As a reader, I have a strong pull toward girl heroines–if I were to break down the kid lit I read, probably 92% has a female MC or narrator. Also as a writer, I generally find inspiration in girl POVs. So I’ve been meaning to pick up more books that have boy voices. I’ve always loved reading Karen Cushman’s strong and interesting girl
protagonists, as well as her intricately researched historical fiction, so I was excited to read her first book with a male main
character: Will Sparrow’s Road.
“I care for no one but myself, and nothing but my belly,” says Will
Sparrow, the itinerant hero. He’s a tween boy making his way, alone, along a road and through the vibrant and sometimes dangerous world of 16th-century England. Will has good reason to care for his belly–he’s hungry and has to rely on cleverness and the occasional thievery for food. A plot summary from the Goodreads page:
In his thirteenth year, Will Sparrow, liar and thief, becomes a runaway. On the road, he encounters a series of con artists—a pickpocket, a tooth puller, a pig trainer, a conjurer—and learns that others are more adept than he at lying and thieving. Then he reluctantly joins a traveling troupe of “oddities,” including a dwarf and a cat-faced girl, holding himself apart from the “monsters” and resolving to be on guard against further deceptions. At last Will is forced to understand that appearances are misleading and that he has been his own worst deceiver. The rowdy world of market fairs in Elizabethan England is the colorful backdrop for Newbery medalist Cushman’s new comic masterpiece.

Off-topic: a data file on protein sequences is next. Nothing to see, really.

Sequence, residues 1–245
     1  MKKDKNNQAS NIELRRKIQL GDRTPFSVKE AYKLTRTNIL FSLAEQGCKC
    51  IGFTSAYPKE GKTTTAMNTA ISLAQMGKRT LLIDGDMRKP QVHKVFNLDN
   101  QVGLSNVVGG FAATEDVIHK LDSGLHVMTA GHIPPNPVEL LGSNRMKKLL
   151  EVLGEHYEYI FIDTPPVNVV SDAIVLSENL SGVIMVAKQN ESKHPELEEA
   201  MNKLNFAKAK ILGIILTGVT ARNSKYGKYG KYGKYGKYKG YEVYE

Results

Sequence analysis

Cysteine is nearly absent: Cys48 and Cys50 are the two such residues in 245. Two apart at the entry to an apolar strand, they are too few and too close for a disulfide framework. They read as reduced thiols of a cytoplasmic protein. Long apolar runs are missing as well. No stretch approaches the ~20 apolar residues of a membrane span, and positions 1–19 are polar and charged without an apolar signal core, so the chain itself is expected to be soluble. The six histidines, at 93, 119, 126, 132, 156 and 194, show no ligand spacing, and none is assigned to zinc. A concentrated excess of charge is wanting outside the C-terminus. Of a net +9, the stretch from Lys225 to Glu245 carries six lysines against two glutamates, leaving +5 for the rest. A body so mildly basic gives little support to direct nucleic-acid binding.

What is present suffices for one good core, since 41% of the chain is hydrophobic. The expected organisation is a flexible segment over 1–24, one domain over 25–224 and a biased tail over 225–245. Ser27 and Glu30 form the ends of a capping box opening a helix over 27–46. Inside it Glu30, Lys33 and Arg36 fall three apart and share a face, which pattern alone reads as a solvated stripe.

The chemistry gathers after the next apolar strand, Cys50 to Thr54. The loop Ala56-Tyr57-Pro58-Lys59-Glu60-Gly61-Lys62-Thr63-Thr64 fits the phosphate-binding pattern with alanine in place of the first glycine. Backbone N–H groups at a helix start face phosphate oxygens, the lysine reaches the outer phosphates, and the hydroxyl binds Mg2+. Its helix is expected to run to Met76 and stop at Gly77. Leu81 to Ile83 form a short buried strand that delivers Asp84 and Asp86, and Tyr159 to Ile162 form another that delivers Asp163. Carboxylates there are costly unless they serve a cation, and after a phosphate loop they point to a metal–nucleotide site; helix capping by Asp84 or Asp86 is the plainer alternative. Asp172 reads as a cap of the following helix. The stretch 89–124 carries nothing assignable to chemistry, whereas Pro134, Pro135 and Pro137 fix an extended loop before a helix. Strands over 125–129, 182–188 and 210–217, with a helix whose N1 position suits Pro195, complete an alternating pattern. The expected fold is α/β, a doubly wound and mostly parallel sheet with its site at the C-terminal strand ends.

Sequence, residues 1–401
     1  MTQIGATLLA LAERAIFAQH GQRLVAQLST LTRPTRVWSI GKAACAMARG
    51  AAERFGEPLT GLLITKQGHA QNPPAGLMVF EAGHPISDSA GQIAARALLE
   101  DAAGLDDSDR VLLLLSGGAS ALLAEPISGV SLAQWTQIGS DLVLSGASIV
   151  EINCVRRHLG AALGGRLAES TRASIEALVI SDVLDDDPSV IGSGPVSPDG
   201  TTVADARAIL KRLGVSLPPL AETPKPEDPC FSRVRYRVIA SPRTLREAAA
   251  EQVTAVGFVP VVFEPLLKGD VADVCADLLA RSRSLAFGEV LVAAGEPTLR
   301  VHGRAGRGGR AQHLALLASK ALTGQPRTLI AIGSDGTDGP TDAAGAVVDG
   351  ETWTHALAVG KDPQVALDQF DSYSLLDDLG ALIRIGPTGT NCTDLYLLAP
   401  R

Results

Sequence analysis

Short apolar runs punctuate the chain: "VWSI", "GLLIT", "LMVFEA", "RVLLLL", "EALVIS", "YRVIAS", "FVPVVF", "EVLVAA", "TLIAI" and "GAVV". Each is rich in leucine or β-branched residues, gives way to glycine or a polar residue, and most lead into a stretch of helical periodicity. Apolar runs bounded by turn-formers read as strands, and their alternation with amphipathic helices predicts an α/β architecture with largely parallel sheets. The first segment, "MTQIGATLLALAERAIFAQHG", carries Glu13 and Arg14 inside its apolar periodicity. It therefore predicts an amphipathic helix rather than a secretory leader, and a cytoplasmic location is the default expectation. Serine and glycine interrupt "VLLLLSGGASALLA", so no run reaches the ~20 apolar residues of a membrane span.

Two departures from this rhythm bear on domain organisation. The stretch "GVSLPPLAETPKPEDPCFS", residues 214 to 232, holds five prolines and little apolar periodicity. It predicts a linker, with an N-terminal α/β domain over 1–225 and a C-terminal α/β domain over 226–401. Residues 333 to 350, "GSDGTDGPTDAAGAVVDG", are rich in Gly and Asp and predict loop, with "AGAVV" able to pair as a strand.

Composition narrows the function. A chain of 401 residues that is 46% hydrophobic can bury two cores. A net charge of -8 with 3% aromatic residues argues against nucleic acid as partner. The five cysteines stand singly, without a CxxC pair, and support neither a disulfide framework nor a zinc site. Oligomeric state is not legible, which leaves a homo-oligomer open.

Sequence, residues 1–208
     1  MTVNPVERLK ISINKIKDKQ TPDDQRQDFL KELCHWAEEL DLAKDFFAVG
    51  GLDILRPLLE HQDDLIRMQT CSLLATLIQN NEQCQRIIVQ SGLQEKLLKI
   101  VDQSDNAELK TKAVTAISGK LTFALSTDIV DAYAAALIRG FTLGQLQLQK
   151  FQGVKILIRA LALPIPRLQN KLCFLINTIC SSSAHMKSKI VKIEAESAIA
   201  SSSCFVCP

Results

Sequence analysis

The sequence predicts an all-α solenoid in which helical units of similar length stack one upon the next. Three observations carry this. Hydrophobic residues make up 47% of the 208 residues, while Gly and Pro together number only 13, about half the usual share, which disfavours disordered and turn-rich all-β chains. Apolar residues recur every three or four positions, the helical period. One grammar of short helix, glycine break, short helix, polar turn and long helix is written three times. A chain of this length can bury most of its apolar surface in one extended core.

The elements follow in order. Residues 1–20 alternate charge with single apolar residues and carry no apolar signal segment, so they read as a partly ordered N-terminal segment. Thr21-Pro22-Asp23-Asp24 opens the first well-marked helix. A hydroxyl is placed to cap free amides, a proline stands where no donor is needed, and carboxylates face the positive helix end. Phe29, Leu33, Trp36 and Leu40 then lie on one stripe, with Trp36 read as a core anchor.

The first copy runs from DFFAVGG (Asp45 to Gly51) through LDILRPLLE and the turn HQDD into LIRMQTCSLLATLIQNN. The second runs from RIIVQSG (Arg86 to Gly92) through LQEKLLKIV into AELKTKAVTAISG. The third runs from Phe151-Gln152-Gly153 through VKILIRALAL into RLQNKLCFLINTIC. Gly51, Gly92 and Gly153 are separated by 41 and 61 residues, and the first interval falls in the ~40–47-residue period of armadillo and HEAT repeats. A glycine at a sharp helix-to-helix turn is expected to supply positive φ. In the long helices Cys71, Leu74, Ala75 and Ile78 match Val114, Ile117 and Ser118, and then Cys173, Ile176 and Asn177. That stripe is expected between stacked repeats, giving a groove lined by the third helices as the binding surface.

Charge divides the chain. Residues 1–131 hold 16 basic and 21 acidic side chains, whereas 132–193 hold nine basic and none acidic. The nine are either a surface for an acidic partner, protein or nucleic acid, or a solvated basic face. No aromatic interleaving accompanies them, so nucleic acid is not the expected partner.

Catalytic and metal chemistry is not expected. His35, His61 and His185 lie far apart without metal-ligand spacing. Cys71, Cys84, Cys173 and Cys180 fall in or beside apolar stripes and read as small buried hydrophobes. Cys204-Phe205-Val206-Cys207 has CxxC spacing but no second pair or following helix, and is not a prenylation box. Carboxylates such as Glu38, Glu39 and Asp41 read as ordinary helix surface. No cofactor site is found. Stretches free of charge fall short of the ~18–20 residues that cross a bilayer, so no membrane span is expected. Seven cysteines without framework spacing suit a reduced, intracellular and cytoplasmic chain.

I really loved how this book worked as a classic picaresque (Comp Lit Nerd Alert, I know), in that Will had to live by his wits to survive in a somewhat harsh world–sometimes to comic effect. The plot had a great balance of being episodic (neat little scenes in which Will has a struggle, or does something clever; characters who flow in and out in a way consistent with Will’s chaotic life and the time period) and having a rewarding character arc. I also loved how, in true picaresque style, Cushman didn’t pull her punches in terms of the difficulties all people–including children–experienced during that time. The stakes were high for Will, and it made his successes that much more rewarding.
To see what other marvelous middle-grade books readers and writers are blogging about today, check out Shannon Whitney Messenger’s blog for the MMGM links!